SoftSound™ soundwall panels, recently developed by the Company, utilize a “wood chip aggregate” sound absorptive material applied to the face of soundwall panels, which is used to absorb highway noise.  SoftSound™ is a proprietary product developed and tested by the Company and is currently approved for use in Virginia, Maryland, seven additional states, and the provinces of Ontario and Quebec, Canada. Approvals are pending in a number of additional states.  The Company introduced this product line into its licensing program and is in the process of seeking to obtain approvals in all 50 states and the Canadian Provinces.

Beach Prisms™ Erosion Control Modules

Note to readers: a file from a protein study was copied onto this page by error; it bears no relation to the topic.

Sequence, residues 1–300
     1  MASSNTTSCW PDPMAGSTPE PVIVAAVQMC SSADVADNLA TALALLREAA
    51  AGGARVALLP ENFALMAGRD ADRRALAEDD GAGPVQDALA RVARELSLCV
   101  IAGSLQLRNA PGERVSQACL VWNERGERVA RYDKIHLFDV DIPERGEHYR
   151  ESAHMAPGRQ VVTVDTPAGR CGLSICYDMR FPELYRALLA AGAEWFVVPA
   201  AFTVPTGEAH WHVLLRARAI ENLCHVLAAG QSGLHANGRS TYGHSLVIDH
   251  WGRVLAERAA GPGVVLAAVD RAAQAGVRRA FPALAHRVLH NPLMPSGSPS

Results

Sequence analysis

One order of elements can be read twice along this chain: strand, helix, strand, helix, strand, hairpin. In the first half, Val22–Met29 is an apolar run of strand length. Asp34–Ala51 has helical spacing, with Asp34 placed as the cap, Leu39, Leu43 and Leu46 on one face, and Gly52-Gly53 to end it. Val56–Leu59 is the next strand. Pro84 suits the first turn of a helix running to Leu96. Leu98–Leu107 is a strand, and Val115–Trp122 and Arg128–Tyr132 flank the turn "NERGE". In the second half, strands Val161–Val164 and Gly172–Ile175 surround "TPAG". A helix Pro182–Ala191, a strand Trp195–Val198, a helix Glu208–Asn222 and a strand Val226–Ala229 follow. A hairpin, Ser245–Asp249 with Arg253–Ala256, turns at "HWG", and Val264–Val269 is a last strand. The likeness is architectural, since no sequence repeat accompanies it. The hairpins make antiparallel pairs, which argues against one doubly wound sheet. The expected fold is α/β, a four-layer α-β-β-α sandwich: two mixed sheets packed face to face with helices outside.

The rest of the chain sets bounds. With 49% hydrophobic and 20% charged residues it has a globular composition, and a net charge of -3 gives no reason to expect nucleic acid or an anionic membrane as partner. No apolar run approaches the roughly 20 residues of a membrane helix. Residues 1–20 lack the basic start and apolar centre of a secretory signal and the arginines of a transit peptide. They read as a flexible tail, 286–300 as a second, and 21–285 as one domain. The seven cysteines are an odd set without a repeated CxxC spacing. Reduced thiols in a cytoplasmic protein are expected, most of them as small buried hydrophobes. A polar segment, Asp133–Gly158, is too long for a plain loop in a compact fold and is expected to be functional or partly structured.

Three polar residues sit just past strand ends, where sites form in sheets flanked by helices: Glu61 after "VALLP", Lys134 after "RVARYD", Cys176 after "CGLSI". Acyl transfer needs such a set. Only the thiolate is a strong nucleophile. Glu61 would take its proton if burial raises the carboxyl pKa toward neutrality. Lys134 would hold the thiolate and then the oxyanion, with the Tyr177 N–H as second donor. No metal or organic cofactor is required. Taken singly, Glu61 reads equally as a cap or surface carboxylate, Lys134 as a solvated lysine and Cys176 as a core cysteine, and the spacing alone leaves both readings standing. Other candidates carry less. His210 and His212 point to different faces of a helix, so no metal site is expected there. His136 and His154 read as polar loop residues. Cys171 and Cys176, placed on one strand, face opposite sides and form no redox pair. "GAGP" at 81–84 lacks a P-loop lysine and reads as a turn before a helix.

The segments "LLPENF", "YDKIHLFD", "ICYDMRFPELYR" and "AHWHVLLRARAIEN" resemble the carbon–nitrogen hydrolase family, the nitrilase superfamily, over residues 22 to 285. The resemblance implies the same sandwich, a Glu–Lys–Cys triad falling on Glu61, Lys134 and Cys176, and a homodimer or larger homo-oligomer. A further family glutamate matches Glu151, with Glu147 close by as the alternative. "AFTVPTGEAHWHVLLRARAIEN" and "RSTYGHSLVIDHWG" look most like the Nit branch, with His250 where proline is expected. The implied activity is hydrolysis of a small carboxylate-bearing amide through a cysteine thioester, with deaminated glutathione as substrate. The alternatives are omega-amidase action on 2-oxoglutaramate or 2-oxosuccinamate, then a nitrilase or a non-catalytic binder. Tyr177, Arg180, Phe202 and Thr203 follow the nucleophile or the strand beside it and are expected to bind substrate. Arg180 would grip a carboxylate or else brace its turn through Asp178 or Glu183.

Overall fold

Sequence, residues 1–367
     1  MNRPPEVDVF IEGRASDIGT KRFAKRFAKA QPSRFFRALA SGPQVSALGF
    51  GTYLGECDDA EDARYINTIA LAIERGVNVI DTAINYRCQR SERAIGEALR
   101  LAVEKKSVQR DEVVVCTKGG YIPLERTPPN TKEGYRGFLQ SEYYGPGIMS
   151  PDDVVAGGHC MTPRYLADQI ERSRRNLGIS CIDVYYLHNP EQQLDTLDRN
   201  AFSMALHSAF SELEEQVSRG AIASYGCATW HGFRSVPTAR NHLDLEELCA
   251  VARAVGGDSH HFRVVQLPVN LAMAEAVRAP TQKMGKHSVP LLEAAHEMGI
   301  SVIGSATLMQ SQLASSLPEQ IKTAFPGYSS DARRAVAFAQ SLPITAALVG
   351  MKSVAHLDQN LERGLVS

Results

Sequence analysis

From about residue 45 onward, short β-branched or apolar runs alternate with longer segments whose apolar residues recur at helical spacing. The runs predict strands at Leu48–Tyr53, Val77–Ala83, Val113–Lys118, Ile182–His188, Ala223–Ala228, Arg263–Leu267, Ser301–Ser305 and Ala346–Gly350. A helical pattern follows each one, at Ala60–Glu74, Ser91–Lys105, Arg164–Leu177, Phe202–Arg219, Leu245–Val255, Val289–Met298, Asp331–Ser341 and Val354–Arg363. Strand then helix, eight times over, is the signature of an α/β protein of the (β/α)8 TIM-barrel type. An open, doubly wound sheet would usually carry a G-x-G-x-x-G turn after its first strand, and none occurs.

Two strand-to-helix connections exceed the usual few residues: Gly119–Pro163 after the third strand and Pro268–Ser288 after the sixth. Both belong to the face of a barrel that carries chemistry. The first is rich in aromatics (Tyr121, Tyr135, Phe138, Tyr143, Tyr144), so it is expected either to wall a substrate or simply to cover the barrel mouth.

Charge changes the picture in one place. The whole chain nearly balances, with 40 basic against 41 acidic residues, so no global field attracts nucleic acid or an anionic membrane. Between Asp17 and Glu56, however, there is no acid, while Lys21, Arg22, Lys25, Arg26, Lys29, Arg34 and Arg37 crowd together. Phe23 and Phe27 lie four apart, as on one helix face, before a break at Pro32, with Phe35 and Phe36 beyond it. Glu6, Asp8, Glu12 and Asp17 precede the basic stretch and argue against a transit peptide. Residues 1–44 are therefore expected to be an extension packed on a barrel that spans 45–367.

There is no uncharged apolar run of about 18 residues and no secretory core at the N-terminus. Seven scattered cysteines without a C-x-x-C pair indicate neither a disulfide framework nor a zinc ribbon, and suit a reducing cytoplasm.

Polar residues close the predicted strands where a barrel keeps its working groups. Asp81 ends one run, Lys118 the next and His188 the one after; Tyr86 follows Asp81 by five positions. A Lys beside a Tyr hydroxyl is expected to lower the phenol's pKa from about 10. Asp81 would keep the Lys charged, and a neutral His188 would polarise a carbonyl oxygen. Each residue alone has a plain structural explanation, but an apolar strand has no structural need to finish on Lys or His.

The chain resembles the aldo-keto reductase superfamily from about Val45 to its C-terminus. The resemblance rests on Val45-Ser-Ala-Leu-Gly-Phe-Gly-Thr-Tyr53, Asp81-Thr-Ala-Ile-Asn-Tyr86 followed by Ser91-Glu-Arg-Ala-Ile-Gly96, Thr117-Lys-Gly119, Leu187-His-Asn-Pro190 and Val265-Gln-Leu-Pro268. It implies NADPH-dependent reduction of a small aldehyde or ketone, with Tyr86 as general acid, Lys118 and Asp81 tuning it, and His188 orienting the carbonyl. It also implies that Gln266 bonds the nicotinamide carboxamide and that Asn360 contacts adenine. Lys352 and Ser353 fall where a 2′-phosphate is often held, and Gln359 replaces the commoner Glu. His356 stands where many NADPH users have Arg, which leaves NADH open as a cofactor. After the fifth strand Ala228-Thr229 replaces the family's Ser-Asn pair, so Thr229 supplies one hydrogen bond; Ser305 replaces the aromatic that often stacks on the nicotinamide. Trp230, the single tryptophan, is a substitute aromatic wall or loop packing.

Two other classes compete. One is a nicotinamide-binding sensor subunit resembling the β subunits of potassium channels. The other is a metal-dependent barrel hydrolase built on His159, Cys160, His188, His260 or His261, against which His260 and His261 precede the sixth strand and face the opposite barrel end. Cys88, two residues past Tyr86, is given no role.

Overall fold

In 2006, the Company began production and launched full-scale advertising and promotional efforts for its product, Beach Prisms™, a shoreline erosion control product that uses the preferred natural "soft" approach as opposed to the "hard" approach of seawalls and jetties, to solve this worldwide problem.  This product is expected to provide a higher margin than many of the Company’s other product lines. Beach Prisms™ work by reducing the amount of energy in incoming waves before the waves reach the shoreline.  Waves pass through the specially designed slots in the triangular 3 - 4 foot tall by 10 foot long Beach Prisms™ modules.  The success of a Beach Prisms ™ installation is dependent on the prevailing wind in relation to the shoreline, the tides, the fetch and the availability of sand in the surf. Beach Prisms™ are primarily for river- and bay-front property owners who want an alternative to traditional armor stone, or groins and jetties.  The Company applied for “design protection” in the United States for the Beach Prisms™ in 2009 and received that protection in July 2010.